What exactly does the term "shield" mean?

I'm sorry to ask such a naive question. It seems obvious that most things labeled as shields or shield kits are simply add-on type hardware, but I don't understand the use of the word and would like a little clarification.

Thanks, Ryan

P.S. This is my first post and there will likely be many, many to follow. I am planning on building an automatic ball launcher for my dog. Something to keep him busy during the day (and just to see if I can do it). I've a lot of experience with programming, but limited circuitry knowledge. Wish me luck.

Hi Ryan, welcome to Arduino

The official definition is: ‘Shields are boards that can be plugged on top of the Arduino PCB extending its capabilities.’
See: http://www.arduino.cc/en/Main/ArduinoShields

As to why call it a shield and not something in keeping, like ‘scudo’ , I don’t know :wink:

Think daughterboard. It's a board usually the same size and shape of the arduino with peripherals, extra connection points for soldering, etc.

For instance, I've got a little stack I'm testing right now (prototyping half a dozen things at once, which I don't recommend as good practice) that has the Arduino, a homebrew video display driver (MAX7456), a commercial protoshield (think custom form factor protoboard) with temperature, pressure, and ADC components, and a homebrew datalogger prototype with a real-time clock and flash storage. That's the arduino plus 3 shields stacked on top.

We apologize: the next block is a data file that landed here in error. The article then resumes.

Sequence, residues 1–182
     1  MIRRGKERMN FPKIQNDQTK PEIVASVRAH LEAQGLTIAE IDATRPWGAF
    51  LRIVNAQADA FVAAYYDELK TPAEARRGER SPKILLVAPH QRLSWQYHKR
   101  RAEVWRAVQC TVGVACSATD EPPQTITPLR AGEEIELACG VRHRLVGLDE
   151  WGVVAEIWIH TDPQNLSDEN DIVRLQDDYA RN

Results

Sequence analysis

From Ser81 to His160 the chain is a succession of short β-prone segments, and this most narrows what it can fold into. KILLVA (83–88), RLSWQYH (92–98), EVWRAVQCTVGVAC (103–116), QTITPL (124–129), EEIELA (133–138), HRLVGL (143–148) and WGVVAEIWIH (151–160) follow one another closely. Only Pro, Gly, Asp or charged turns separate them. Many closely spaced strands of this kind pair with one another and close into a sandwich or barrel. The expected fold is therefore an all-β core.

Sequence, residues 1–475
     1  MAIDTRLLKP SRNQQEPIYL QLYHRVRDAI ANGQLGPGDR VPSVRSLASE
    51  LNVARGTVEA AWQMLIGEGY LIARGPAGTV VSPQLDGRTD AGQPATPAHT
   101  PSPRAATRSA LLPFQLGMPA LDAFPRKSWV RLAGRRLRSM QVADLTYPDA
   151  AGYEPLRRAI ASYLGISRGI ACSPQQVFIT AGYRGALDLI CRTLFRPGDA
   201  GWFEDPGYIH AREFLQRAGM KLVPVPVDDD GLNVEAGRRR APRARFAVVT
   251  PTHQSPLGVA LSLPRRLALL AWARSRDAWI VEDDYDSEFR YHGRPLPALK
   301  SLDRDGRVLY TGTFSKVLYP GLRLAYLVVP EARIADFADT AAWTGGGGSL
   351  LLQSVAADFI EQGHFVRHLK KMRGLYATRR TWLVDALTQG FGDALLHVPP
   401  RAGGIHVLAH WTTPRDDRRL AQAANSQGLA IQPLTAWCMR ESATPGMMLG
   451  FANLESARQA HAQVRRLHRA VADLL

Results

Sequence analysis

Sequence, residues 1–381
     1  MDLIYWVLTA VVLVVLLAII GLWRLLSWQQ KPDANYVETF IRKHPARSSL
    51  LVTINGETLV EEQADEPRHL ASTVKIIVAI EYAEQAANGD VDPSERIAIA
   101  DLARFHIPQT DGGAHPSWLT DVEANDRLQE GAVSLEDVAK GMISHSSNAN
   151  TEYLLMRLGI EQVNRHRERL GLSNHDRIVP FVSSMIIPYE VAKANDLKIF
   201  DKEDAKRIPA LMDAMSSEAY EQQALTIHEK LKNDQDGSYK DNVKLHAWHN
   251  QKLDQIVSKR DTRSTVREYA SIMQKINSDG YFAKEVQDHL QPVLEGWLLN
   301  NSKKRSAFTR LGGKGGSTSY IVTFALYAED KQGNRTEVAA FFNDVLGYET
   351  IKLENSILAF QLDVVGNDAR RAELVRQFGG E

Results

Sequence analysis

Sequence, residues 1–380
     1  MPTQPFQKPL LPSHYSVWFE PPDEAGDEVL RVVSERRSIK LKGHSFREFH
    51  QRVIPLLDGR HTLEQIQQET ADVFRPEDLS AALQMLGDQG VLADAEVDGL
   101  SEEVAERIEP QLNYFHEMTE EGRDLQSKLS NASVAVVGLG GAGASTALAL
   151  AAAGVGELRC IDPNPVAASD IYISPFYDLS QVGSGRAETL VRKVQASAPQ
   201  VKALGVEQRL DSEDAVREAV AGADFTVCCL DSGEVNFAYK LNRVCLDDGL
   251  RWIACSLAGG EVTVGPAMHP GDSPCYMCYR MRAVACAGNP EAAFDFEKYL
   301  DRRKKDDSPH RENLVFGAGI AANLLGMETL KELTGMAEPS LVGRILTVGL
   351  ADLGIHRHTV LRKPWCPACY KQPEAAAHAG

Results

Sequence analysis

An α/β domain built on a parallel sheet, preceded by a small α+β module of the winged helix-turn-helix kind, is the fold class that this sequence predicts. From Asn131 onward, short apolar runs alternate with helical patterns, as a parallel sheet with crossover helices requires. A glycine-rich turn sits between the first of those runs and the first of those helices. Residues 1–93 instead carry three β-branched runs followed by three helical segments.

If the shields are designed well, you can mix-and-match several of them to build your system. Sometimes the shield can't have another stacked on top (maybe the peripheral or connectors are too tall, maybe the designer didn't plan well, maybe you just ran out of the stackable headers when you were soldering it up).

-j

mem,

Thank you for the quick, precise reply and for the link to the definition. I was having trouble finding that by searching Google or the forums.

See you again soon I'm sure. Ryan

I look forward to reading about your projects.

have fun!

kg4wsv,

Thanks for the detailed explanation! That definitely will come into play eventually. I think to begin with, I'll only need a motor control shield (like the Motor Control v1.1), but eventually if I get good with this stuff, I'd like to add an Ethernet shield and see if I can get info on the launcher remotely. Now I know to plan ahead if I want to do something like that.

Ryan

I always thought it was because unlike daughterboards, or add-on boards, the Arduino "shields" usually cover 100% of the original board space, thus "Shielding" it from view.

I always thought it was because unlike daughterboards, or add-on boards, the Arduino "shields" usually cover 100% of the original board space, thus "Shielding" it from view.

And also shielding us from seeing the pin13 LED and blocking the reset pin and ISP connector, unless the shield duplicates those features.. ;)

Lefty

And also shielding us from seeing the pin13 LED and blocking the reset pin and ICSP connector, unless the shield duplicates those features…

I think the most annoying thing is the shielding of the ICSP connector because it can be used for so much… The reset pins aren’t blocked normally but often the reset switch is not duplicated…

I would normally think that pin13 LED isn’t that important but I use it a lot as I suppose a lot of other people do when testing things, it is just so handy to not have to plug in an LED :smiley:

Mowcius

An LED or two for testing is very handy. If you solder a small 1k resistor to one of the LED legs you can plug these into any pin that is near a ground connection.